School Board approves new calendar
Thefts investigated by Sheriff's Department
Curtis Hayes announces bid for city mayor
Board approves new calendar
By RACHEL SMITH, OCN staff
Overton County Board of Education held the regular
monthly meeting Tuesday, April 2, with all members present.
As discussed during the March meeting, board members
were to meet with school PTOs to get community feedback to the proposed
2002-2003 school calendar, in which Overton County students would
attend school for nine weeks, have a two-week break, then go back
to school for another nine weeks. The new calendar would put all
schools on the same nine-week grading period that the high school
has been on for a few years.
According to Director of Schools Bill Needham, school
principals indicated at their recent mid-month meeting in Hilham
that everything they had heard from parents in the community about
the proposed calendar had been extremely positive.
"I've had a few calls myself inquiring about
the calendar. Most all the comments I've received have been very
positive" Needham said.
After Needham's comments, the Board voted unamiously
to approve the proposed 2002-2003 calendar as previously submitted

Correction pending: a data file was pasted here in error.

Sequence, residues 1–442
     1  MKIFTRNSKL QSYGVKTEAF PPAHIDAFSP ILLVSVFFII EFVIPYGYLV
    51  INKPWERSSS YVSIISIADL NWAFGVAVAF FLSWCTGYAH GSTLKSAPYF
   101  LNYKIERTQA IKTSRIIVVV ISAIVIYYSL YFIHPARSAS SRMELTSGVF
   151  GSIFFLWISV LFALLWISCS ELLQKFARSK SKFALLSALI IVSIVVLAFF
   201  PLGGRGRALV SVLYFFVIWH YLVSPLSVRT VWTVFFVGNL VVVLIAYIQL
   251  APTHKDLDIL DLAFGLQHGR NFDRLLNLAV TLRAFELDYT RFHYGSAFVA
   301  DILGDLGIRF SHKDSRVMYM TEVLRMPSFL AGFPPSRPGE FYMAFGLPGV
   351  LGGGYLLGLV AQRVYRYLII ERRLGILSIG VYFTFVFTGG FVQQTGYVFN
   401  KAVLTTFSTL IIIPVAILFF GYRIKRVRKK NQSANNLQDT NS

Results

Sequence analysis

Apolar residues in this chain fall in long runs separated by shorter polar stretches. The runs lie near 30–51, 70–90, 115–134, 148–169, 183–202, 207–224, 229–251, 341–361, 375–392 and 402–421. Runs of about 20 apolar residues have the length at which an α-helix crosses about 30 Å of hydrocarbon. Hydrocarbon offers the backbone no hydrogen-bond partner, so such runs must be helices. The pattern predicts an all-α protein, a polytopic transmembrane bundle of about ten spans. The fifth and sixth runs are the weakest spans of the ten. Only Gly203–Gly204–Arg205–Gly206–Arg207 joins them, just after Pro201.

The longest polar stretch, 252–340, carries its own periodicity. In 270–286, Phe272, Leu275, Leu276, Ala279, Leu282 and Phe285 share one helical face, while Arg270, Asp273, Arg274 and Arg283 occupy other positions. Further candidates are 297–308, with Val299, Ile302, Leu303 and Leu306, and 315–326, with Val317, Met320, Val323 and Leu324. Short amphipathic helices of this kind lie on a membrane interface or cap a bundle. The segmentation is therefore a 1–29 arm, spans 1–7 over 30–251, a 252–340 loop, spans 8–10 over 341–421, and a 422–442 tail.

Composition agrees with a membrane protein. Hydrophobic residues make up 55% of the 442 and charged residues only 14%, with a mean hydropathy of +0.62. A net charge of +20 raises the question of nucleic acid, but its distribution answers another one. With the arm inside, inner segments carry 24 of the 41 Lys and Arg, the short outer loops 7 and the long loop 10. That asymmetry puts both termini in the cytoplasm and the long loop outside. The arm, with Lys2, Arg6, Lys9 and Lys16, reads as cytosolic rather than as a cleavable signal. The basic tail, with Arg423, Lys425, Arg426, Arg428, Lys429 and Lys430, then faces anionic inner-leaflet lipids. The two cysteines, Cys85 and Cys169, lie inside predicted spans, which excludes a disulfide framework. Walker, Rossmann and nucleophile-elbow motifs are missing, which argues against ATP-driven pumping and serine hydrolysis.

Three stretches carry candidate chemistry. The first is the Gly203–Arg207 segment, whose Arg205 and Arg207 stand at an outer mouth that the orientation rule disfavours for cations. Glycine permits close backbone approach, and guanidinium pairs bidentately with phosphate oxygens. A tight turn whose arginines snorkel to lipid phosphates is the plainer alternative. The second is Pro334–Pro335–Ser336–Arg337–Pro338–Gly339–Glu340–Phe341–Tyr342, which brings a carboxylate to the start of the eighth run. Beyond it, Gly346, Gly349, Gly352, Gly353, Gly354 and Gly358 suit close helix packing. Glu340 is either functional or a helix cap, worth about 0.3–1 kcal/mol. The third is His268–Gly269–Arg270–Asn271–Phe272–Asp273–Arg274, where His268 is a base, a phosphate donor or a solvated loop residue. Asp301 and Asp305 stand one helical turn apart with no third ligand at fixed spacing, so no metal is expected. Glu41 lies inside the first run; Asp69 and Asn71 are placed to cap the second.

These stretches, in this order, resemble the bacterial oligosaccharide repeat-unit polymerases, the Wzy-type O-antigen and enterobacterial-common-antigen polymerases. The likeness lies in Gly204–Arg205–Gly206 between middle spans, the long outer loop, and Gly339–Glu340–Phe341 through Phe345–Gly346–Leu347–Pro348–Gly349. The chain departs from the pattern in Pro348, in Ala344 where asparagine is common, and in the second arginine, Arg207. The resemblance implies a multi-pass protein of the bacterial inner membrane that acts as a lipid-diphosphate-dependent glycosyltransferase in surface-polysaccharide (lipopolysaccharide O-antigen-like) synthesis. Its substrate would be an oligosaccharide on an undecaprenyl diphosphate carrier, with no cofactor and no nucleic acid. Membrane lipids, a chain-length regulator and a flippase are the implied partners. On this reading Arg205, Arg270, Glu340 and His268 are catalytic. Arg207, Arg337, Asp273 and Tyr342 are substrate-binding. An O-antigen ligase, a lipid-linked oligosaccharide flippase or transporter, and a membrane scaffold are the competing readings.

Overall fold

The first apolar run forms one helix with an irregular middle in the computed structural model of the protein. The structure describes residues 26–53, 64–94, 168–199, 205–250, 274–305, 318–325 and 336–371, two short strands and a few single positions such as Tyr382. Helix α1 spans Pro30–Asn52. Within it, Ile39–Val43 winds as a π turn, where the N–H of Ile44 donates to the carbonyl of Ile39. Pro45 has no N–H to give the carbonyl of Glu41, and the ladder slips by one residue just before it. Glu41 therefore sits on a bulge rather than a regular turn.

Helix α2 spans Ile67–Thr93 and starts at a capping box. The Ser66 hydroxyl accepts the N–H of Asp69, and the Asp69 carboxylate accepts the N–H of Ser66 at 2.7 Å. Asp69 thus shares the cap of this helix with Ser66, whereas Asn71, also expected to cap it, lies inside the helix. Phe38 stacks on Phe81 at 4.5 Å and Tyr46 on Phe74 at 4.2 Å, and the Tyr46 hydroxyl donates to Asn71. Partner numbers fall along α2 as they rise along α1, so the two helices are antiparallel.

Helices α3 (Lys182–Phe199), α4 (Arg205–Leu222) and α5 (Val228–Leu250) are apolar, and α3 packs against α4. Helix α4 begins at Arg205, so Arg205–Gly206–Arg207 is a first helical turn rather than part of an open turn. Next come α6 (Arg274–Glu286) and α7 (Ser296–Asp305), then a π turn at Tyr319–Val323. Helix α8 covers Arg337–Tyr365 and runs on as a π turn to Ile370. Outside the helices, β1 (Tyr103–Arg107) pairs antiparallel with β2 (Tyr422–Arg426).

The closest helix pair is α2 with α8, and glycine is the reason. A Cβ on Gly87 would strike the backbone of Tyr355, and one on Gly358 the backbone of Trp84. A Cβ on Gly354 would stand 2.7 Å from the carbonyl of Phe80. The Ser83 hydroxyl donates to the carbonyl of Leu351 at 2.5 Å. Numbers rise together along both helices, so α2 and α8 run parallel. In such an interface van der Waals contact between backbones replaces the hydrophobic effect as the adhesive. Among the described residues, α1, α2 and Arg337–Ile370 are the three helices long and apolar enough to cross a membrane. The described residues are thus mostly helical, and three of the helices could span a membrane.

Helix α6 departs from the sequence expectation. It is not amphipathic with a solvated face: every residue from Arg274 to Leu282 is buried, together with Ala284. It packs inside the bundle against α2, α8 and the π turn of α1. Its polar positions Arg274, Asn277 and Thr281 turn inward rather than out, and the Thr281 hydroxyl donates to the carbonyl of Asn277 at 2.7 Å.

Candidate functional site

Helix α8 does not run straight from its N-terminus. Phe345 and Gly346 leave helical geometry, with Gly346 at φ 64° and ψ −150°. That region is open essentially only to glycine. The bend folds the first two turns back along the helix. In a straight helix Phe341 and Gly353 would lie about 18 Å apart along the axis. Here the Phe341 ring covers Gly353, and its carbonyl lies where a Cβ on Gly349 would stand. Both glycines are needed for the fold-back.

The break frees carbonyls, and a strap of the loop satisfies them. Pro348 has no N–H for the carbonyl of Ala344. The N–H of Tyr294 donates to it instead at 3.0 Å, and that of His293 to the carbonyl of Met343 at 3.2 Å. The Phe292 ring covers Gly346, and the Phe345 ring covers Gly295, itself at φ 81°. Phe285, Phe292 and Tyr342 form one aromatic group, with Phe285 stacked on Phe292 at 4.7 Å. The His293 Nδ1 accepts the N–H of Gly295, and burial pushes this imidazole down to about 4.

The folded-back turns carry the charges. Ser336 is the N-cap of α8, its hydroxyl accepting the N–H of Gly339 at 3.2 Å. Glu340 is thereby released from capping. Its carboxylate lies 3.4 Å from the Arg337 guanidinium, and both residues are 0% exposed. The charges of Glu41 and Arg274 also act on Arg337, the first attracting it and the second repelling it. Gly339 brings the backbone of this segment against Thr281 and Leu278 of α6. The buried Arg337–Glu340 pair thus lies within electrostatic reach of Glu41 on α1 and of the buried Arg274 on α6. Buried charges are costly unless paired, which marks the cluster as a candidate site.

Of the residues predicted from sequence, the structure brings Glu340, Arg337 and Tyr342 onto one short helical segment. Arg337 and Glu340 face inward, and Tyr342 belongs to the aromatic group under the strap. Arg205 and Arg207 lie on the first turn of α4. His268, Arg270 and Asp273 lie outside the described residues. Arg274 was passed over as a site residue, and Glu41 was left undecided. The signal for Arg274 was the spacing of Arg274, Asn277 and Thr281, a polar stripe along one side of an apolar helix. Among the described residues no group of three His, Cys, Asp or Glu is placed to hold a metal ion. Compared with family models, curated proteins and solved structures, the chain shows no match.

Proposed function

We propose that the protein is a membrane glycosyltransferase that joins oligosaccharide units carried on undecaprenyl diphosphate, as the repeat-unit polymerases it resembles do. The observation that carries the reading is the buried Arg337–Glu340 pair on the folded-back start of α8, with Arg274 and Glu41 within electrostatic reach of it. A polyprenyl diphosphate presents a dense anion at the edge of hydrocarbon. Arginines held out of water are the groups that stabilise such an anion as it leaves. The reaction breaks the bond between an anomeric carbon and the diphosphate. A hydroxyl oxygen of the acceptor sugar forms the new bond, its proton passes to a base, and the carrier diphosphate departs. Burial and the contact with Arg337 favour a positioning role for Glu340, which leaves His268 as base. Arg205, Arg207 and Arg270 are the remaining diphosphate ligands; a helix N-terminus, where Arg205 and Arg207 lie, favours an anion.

by the Calendar Committee.
In other new business, board members approved Title
VI Local Amendment #16 State Amendment #1 Reduced Size Classroom
and Special Population Local Amendment #17 State Amendment #1.
Permission was granted to allow second, third, and
fourth grade Accelerated Reading students from A.H. Roberts to travel
to Dollywood on May 6. Also approved was an overnight trip to Gatlinburg
for eighth grade Hilham students on May 3-4.
In a letter addressed to Director Needham, Wilson
Elementary Principal Alice Reed notified the board of her plan to
In her letter, Reed stated, "I'd like to express
my thanks to the Overton County Board of Education for allowing
me to serve my community for over three decades. I've enjoyed almost
every day of my employment at Wilson Elementary. Thank you again
for your support, kindness, and cooperation."
After hearing her letter, Board members voted to approve
her planned retirement date of July 31.
Other new business approved by the board included
a change in the current year's school calendar, in which a May 14
discretionary day was changed to May 7 to accomodate the Overton
County primary elections.
The final action of new business was to grant tenure
to 14 teachers currently in the Overton County school system. Approved
for tenure are Shirley Ashlock-Kirk, Donna Beaty, Phillip Bowman,
Jacob Carwile, Tim Copeland, Vanessa Farris, Tricia Hix, Misty Huddleston,
Ginnie Jackson, James Loftis, Mandy McCormick, Richard Melton, Christy
Miller, and Cynthia Sells.
Director Needham issued the Director's Report to